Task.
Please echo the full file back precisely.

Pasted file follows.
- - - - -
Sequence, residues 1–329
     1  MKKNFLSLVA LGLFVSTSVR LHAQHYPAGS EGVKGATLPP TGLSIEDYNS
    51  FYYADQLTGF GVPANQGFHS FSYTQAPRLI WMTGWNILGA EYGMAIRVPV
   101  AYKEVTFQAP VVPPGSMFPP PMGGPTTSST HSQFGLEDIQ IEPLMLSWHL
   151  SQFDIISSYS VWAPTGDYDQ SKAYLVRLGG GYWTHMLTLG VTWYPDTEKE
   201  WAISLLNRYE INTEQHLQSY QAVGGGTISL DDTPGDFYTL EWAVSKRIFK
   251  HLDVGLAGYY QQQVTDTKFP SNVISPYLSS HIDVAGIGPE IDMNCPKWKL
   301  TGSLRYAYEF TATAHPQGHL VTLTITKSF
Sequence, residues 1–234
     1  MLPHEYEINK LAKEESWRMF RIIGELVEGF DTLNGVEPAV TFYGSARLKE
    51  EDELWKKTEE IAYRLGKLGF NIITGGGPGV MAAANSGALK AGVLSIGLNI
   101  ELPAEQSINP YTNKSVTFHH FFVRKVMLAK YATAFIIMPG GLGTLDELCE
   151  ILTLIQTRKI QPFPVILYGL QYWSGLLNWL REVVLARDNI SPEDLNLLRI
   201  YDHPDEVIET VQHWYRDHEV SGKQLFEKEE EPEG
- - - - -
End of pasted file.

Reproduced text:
Sequence, residues 1–329
     1  MKKNFLSLVA LGLFVSTSVR LHAQHYPAGS EGVKGATLPP TGLSIEDYNS
    51  FYYADQLTGF GVPANQGFHS FSYTQAPRLI WMTGWNILGA EYGMAIRVPV
   101  AYKEVTFQAP VVPPGSMFPP PMGGPTTSST HSQFGLEDIQ IEPLMLSWHL
   151  SQFDIISSYS VWAPTGDYDQ SKAYLVRLGG GYWTHMLTLG VTWYPDTEKE
   201  WAISLLNRYE INTEQHLQSY QAVGGGTISL DDTPGDFYTL EWAVSKRIFK
   251  HLDVGLAGYY QQQVTDTKFP SNVISPYLSS HIDVAGIGPE IDMNCPKWKL
   301  TGSLRYAYEF TATAHPQGHL VTLTITKSF
Sequence, residues 1–234
     1  MLPHEYEINK LAKEESWRMF RIIGELVEGF DTLNGVEPAV TFYGSARLKE
    51  EDELWKKTEE IAYRLGKLGF NIITGGGPGV MAAANSGALK AGVLSIGLNI
   101  ELPAEQSINP YTNKSVTFHH FFVRKVMLAK YATAFIIMPG GLGTLDELCE
   151  ILTLIQTRKI QPFPVILYGL QYWSGLLNWL REVVLARDNI SPEDLNLLRI
   201  YDHPDEVIET VQHWYRDHEV SGKQLFEKEE EPEG